The radioactive glow of Utah’s potential nuclear future shone softly in a Price courtroom Monday afternoon, as Blue Castle Holdings defended its right to 53,600 acre-feet of water from the Green River to build the state’s first nuclear-power plant.
HEALUtah, the Moab-based organization Uranium Watch and a mosaic of other environmental groups and private citizens have turned to the courts to stop the Blue Castle project, the aim of which is to build two nuclear reactors just outside the town of Green River.
Matt Pacenza, HEALUtah’s policy director, said that going the courts seemed like one of the few ways to impede the plant’s progress at a local level. “In the state of Utah, there are really just a couple of small ways for us to get involved,” he explained, “By far, the biggest is water.” The Nuclear Regulatory Commission, he says, rarely denies permits to applicants who complete the process.
Blue Castle spent the day presenting witnesses to support its case for keeping the water rights awarded the company by State Engineer Kent Jones in January 2012. Testimonies were devoted to supporting Blue Castle’s claims that the nuclear project is economically viable and will have negligible impacts on the environment and existing water rights. Environmental concerns include depletion of the river during low-flow periods, protection of the area’s endangered fish and decreased water quality.
Witnesses for the defense included Blue Castle CEO Aaron Tilton; former state engineer Jerry Olds; Thom Hardy, the chief science officer at the Meadows Center for Water & the Environment at Texas State University; and Blue Castle COO Tom Retson.
Tilton’s turn on the stand centered primarily on the financial viability of the project and his expected source of income, namely, the natural-gas-pipeline company and Blue Castle-subsidiary Willow Creek, as well as other investors. According to Pacenza, Blue Castle acquired Willow Creek in exchange for shares in the nuclear project. Lara Swensen, attorney for the plaintiffs, later questioned whether Willow Creek alone could provide the $100 million necessary for the Early Site Permit Blue Castle is in the process of obtaining. Tilton also stated that the application is presently halfway completed.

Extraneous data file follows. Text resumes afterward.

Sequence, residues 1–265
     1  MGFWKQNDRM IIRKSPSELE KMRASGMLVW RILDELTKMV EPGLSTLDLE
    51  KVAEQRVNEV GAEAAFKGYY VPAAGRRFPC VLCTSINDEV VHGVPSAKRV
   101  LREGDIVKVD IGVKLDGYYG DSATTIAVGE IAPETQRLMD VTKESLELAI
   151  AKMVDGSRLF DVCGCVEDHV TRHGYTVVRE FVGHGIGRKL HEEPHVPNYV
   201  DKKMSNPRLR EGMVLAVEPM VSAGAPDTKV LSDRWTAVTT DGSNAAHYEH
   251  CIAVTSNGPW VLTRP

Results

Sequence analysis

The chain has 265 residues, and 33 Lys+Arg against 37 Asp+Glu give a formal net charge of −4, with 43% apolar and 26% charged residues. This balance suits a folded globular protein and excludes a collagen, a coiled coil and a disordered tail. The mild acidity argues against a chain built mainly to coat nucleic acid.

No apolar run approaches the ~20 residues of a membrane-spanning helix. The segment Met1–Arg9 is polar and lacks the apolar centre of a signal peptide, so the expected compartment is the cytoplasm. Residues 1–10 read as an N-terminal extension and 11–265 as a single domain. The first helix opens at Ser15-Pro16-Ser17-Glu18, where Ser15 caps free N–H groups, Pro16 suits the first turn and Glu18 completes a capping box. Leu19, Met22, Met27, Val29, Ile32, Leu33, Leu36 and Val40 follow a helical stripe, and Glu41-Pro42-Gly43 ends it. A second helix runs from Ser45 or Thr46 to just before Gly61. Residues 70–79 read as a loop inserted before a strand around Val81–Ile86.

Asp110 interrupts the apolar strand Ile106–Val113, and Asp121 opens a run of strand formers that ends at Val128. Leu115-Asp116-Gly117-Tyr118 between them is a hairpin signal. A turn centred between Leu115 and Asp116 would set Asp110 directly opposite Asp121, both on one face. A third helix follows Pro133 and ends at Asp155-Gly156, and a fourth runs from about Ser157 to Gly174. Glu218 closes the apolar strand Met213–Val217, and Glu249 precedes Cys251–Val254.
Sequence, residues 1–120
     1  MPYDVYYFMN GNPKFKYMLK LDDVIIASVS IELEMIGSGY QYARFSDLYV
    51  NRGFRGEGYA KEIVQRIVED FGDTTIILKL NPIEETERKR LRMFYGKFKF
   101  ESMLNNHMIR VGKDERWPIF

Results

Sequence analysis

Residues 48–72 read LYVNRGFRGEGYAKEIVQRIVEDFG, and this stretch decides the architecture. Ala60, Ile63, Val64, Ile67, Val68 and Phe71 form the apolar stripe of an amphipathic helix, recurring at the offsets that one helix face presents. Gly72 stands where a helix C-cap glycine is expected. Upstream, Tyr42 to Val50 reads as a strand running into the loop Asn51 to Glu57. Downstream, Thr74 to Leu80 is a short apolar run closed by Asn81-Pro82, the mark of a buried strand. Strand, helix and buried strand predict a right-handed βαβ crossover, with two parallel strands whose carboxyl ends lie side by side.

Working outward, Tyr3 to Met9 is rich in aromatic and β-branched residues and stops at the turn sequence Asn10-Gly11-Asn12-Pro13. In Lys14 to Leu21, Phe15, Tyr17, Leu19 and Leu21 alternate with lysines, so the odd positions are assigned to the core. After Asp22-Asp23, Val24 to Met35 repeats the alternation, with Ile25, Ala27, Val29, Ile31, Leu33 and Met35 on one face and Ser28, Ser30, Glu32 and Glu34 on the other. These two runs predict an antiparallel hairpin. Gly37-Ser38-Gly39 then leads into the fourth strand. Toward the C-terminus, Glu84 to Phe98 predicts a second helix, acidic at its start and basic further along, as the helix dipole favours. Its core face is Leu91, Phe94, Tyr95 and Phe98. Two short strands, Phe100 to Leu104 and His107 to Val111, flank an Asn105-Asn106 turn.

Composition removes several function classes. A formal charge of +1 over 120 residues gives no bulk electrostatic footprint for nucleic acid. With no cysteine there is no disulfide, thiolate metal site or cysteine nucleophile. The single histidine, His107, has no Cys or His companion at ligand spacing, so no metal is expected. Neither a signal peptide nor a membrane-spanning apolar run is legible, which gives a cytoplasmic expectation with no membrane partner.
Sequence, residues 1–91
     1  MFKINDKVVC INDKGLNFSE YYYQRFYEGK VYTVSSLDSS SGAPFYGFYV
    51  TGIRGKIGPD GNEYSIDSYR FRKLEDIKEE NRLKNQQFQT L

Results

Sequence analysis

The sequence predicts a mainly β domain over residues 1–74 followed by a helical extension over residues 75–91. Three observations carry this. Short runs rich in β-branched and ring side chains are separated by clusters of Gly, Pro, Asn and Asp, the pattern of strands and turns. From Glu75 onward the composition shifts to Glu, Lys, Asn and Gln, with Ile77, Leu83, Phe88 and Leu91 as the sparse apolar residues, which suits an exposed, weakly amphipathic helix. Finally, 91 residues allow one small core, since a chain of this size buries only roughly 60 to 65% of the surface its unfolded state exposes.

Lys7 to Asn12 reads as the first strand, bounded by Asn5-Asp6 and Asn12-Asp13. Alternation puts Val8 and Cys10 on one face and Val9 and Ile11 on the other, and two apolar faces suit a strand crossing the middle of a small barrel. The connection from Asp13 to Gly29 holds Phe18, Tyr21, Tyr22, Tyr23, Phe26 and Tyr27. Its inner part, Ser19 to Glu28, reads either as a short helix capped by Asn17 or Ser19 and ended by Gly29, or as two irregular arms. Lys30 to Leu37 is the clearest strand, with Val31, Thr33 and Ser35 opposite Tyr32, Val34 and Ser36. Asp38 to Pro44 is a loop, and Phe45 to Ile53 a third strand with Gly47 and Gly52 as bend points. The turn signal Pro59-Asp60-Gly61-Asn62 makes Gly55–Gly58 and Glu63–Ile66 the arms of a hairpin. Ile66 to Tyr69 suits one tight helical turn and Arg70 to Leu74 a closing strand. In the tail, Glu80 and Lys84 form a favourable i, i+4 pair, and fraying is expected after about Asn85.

The second witness, Olds, testified to the state engineer’s process in considering water-rights applications, the current law regarding water rights, and the details of the Colorado River Compact, which allocates water usage among the western states. When questioned about what would happen to a potential nuclear reactor’s water needs in times of curtailment, Olds responded that the state is committed to a “recovery implementation program,” which would release water from Flaming Gorge Reservoir in order preserve existing rights and maintain environmental integrity in times of drought.
The former state engineer, however, expressed doubt at the notion of planning for future dry spells that may become more frequent, more severe and more persistent as a result of man-made climate change.
“None of us know the future. They’re trying to predict the weather in 2060. The weather guy can’t even get it right two weeks in the future,” Olds said.